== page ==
Backstory: Classic toys 'R' still us
You PQ - play quotient - is kind of like your IQ with a smile.
| NEW YORK
The first thing I noticed about the American International Toy Fair is that it's very serious business. No one under 18 is allowed: They're banned, verboten, little personae non grata. Even infants can't cross the threshold to sample any of the 5,000 new cuddly bears, talking dolls, flying missiles, lifelike puppets, and action-packed video games overflowing New York's Javits Convention Center this week.
This is where "Play Meets Profit," say the brochures. So how could anyone get any work done with a bunch of kids running around?
The severity of this decree was brought home at the entrance when I heard an alert from a nearby gate crackling from the security guard's walkie-talkie: "We have an underage...."
I wondered if they'd send for King Kong, who was getting his picture taken with a middle-aged buyer at a nearby booth. Or would one of the Jedi Knights wandering the convention center, light saber in hand, come and whisk it away? I mean, what's one to do with an "underage," anyway?
But no more kidding around. This is serious. The $21 billion toy industry faces tough times. Sales have been declining for the past two year. Toys "R" Us is about to close 75 stores. FAO Schwarz is bankrupt. Kids are abandoning their toys at younger and younger ages, pleading for XBoxes instead of shiny red Flexible Flyers.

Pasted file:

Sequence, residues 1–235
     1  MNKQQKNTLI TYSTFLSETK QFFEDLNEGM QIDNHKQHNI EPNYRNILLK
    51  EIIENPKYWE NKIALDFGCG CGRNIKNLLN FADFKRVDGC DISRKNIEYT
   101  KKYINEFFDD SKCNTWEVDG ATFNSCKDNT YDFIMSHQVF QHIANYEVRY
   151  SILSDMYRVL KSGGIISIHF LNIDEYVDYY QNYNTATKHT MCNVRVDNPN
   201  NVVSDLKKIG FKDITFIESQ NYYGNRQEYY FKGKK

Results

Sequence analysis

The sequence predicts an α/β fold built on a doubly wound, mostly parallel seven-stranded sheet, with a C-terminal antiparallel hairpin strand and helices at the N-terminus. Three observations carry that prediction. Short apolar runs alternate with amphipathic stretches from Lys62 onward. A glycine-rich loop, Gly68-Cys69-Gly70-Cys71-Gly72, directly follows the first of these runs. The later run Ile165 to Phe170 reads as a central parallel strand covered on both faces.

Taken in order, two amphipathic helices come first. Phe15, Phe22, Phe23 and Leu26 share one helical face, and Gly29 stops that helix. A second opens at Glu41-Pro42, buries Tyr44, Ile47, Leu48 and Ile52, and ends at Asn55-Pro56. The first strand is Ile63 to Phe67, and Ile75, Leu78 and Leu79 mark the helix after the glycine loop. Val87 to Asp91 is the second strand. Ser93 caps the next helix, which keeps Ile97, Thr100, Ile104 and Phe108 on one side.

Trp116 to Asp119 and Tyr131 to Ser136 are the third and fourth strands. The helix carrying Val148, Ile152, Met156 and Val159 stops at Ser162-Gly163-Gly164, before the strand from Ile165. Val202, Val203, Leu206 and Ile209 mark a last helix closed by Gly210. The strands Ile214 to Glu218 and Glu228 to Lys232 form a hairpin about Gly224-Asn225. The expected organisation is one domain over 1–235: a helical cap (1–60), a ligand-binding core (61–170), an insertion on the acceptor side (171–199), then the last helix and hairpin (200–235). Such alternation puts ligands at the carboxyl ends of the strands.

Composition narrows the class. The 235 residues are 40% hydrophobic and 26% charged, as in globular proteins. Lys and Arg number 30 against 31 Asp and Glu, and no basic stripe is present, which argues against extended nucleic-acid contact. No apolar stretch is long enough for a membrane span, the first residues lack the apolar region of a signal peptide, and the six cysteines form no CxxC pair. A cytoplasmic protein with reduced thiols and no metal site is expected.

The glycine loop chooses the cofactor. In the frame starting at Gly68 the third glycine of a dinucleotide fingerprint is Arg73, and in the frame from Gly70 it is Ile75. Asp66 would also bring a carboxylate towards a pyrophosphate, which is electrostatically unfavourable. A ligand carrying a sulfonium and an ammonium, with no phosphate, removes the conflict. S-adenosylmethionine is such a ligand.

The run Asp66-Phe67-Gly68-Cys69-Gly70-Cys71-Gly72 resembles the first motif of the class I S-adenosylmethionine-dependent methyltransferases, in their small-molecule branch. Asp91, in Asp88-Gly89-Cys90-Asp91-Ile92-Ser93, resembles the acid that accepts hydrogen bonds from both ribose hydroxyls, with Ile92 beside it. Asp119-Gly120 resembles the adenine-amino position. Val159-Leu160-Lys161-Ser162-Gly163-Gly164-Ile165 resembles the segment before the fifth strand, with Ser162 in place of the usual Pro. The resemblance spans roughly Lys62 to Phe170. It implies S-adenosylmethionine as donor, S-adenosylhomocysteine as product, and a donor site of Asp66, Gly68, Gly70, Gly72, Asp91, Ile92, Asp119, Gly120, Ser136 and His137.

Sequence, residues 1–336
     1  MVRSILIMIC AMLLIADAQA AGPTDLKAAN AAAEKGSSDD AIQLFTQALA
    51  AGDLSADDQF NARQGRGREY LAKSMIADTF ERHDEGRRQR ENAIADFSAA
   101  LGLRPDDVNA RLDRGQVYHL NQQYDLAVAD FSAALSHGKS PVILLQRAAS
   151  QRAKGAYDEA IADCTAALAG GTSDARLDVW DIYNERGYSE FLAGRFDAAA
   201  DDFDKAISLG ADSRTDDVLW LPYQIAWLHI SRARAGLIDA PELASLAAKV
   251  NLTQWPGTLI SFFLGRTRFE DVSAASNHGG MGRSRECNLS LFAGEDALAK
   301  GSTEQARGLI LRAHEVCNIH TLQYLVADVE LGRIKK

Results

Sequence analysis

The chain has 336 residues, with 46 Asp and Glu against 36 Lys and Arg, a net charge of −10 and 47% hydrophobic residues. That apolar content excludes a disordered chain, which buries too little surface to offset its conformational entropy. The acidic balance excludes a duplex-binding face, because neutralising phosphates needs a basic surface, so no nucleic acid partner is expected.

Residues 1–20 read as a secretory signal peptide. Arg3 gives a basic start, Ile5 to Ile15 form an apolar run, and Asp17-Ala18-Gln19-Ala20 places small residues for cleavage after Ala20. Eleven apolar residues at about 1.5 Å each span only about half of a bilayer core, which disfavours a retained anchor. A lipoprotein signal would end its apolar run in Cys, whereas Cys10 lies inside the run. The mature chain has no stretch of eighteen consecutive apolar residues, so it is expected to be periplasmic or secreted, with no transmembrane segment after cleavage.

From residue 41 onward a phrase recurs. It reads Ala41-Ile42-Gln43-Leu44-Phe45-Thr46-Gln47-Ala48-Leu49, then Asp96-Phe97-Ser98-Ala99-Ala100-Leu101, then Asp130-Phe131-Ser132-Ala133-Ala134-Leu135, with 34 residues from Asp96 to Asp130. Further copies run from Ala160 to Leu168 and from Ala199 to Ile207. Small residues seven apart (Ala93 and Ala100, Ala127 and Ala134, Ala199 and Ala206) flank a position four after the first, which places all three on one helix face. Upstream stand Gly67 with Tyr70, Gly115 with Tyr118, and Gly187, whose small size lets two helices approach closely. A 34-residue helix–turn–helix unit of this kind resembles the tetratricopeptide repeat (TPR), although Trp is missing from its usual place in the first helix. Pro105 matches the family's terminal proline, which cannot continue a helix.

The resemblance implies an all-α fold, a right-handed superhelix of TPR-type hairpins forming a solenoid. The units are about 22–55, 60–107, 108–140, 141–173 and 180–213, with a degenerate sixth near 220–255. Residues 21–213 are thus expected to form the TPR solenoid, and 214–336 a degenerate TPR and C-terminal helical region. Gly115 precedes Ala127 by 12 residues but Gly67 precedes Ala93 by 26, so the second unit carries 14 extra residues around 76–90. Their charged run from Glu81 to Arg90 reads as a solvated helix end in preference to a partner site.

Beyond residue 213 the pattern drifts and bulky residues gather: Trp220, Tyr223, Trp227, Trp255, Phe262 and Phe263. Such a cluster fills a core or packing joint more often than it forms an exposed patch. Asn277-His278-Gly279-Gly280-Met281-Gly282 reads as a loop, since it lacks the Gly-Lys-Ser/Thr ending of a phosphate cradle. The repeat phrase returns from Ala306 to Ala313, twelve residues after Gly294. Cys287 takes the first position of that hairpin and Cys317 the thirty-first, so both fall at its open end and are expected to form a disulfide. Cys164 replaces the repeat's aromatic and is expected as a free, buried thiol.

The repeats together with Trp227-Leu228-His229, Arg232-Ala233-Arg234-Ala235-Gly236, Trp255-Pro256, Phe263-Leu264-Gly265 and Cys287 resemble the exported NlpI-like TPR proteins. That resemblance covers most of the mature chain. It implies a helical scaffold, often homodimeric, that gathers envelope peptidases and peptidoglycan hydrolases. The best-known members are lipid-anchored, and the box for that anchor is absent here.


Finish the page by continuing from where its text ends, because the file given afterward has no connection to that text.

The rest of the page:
Toy analysts say it's not just technology's fault, but the industry's. In its race to integrate high tech into toys, it has in many cases forgotten a most fundamental thing: how to play.
"Play starts with a box, with the discovery of pots and pans. If everything has bells and whistles and does everything for them from the time a child is very young, [his] own imagination is not going to be very stimulated," says Stevanne Auerbach, a.k.a. Dr. Toy and author of "Smart Play, Smart Toys: How to raise a child with a high PQ." (PQ, by the way, is Play Quotient - kind of like your IQ, but with a smile.) "The more you play, the more playful you become."
Now, I want to be clear. I don't have any kids. And worse, when I was one, I was content to play with a Matchbox car in the sand by the side of the road. (I built little cities, complete with highways, bridges, and skyscrapers made of twigs.) But, for reasons beyond my control - two, in fact: nephews Owen and James, 9 and 5 - I have in my later years become a toy connoisseur. In fact, my family now affectionately refers to me as "Auntie Mame." There's not a corner of the FAO Schwarz store on Fifth Avenue that I haven't scoured for "just the right present."
So as I set out on this journalistic venture through the aisles of 1,500 toy manufacturers, inventors, and wholesalers from more than 30 countries, I was determined to understand what's working in the toy world, what's not and why. However, I was woefully aware I'd be hampered by the absence of the two best experts I know - Owen and James - who are "underage." Still, I managed to get an education on the importance of the classics - dolls, balls, yarn, and bubbles.